by Jennie Bentley/Bente Gallagher
Back in April, I had the pleasure of attending the Southern Kentucky Book Fest, with such writing lights as Lisa Scottoline, Teresa Medeiros, Beverle Graves Myers, Jane Cleland, Trish Milburn, and others. And of course my buddy and yours, April’s Working Stiffs guest, my fellow Berkley Babe and Good Girl Laura Bradford AKA Elizabeth Lynn Casey, was there, as well.
I sort of knew Laura already, since we’d already been on a grog together and have lots of friends in common, including our very own Wilfred Bereswill. This was, however, the first time I got to meet Laura face to face. Over the day and a half that the conference lasted, we managed to spend almost every waking moment together, from the snack run to Steak n’Shake the second we set eyes on each other in the parking lot outside the hotel. It was like meeting a best friend I never knew I had. Totally comfortable and wonderful from the first moment.
But since we didn’t actually know each other, we spent a lot of time talking about this, that, and the other, including where we came from and what we’d been doing before we decided to take the plunge into writing.
I think I’ve probably mentioned this before, but I went from Norway to New York in my late teens, because I wanted to be an actress. I studied drama—I studied voice and dance, too—with a lot of different teachers in NYC for a few years. I even became a half decent actress for a little while. I enjoyed it. Learning the script, working out the character’s back story, her quirks, what made her tick, or why she’d react in certain ways to certain stimuli. Becoming someone else, just for a few hours.
You’ll notice I’m here, and not on Broadway, or for that matter in Hollywood. There’s a reason for that. Whatever talent I may have had, and however capable I may have been of getting into someone else’s head and conveying their actions, thoughts and feelings to an audience, there was one obstacle I couldn’t overcome, and that was auditioning. I hated—loathed, with a passion—having to get up and prove myself every day. Not on stage in front of an audience—once I got there, I was all right—but on auditions. Having to put myself on the line each and every day. And believe me, if you’re not a good auditioner, you can pretty much forget about a career in theatre, film or TV.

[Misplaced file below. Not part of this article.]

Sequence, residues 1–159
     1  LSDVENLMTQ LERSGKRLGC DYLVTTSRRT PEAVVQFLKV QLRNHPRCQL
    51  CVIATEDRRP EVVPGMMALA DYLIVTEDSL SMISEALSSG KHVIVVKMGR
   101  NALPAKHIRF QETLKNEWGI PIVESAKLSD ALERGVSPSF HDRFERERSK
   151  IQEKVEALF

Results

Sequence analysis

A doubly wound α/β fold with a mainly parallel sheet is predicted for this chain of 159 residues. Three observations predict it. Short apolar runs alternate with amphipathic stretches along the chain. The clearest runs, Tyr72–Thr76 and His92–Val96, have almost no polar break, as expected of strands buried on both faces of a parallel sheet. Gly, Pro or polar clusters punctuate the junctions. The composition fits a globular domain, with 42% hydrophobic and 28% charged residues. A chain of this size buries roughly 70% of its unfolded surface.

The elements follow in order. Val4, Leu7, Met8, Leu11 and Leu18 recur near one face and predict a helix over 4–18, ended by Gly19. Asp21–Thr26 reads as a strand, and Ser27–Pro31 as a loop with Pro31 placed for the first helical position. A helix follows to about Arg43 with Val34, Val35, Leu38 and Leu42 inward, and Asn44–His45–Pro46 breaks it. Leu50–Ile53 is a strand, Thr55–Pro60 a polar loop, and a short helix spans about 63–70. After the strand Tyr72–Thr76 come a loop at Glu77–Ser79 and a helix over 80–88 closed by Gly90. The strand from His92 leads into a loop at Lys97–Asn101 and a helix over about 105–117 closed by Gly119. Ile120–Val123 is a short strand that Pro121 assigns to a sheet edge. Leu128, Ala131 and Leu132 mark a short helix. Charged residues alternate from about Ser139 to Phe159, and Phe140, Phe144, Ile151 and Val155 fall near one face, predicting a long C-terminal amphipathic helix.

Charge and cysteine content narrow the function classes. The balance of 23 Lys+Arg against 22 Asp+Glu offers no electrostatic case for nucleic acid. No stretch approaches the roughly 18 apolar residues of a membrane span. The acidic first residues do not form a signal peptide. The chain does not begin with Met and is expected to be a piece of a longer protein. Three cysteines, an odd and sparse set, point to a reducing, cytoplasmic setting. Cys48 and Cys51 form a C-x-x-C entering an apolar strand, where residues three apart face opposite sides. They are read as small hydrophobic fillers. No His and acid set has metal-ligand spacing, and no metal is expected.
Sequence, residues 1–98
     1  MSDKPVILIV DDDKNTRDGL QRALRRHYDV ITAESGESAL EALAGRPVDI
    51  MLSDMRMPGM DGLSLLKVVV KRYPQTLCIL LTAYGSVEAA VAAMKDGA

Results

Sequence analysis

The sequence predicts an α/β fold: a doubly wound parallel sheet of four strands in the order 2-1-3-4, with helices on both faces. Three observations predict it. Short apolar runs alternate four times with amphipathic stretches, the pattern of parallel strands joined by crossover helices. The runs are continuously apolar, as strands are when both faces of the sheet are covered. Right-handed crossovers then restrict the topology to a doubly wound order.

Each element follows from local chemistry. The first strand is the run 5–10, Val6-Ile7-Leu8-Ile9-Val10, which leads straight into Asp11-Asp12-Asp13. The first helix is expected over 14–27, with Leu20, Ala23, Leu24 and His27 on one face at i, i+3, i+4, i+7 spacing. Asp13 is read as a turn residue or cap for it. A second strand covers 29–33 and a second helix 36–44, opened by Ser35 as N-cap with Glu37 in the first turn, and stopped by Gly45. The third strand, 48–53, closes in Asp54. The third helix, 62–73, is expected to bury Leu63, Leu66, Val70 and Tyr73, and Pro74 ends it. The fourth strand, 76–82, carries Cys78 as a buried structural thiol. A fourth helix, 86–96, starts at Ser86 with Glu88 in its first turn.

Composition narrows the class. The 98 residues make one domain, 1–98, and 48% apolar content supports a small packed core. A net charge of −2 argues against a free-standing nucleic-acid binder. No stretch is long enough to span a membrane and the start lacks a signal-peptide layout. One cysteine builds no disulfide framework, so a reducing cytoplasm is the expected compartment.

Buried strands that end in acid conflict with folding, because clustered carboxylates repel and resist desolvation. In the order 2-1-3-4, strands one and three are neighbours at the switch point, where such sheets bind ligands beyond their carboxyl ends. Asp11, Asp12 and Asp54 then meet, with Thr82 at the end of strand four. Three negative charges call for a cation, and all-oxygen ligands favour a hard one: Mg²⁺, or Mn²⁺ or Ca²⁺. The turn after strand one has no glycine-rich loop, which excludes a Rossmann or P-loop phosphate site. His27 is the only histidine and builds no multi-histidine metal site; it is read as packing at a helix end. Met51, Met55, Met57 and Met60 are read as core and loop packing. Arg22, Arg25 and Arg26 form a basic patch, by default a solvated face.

The reason I started this post with Laura Bradford is that at some point during those two days in Kentucky, she asked me, “So why do you think so many writers come from an acting background?”
And really, there are a lot of us. Kelli Stanley studied drama, and decided to be a writer instead. Tasha Alexander did some acting. Kathryn Miller Haines does theatre. Harley Jane Kozak does TV. So does Leanna Renee Hieber. Elaine Davidson and Joan Rivers are both writing mysteries now, with a little help from collaborators.
So it’s a good question, right? With so many people crossing over, there has to be a correlation, don’t you think?
For me, the reason is pretty simple, actually. I mean, acting and writing is pretty much the same thing, isn’t it? We get to become someone else, if just for a little while. Get to live in someone else’s head, get to experience someone else’s life, walk a mile or two in their shoes. Just what we always wanted, except the writing doesn’t come with that soul-destroying rejection-to-your-face that you get with acting. At least when your manuscript enters the world, it stands or falls on its own; its success doesn’t depend on how well you fill out your jeans or sweater, or whether you fit someone else’s idea of what the character should look like. It’s about the work, and whether the work measures up or is what is wanted. It’s not about you; you’re not being rejected, the manuscript is.
The thing is, having an acting background helps you in all sorts of ways when it comes to writing. If you’re used to memorizing and delivering dialogue, writing dialogue is gonna be easier for you as well. And if you’re already used to getting inside someone’s head, thinking and acting the way they do, it’ll help you get inside people’s heads in your writing, as well. Building the character, with its back story, its nervous ticks, its mannerisms, its internal monologue... it’s all the same process, whether you’re acting or writing.
This may be the reason why I’m more comfortable writing in first person POV, actually. I’m used to becoming the character. Third person just isn’t the same thing; you don’t think that way in acting. And I know I still work the same way as I did as an actress: out loud, making up and rehearsing dialogue in my head as I walk down the street or drive down the interstate. I see the book not as a movie, up on the screen of my mind, but as a play, with me in the lead.
So what about you? Does any of this sound familiar? Do you think there’s a connection between acting and writing? Have you ever tried acting? Would you consider giving it a try if you thought it could help you with your writing?
# # #
I’m in Norway for a few weeks, so I won’t be here for comments. Play nicely amongst yourselves, darlings, and I’ll be back in July. Have a lovely, lovely month of June!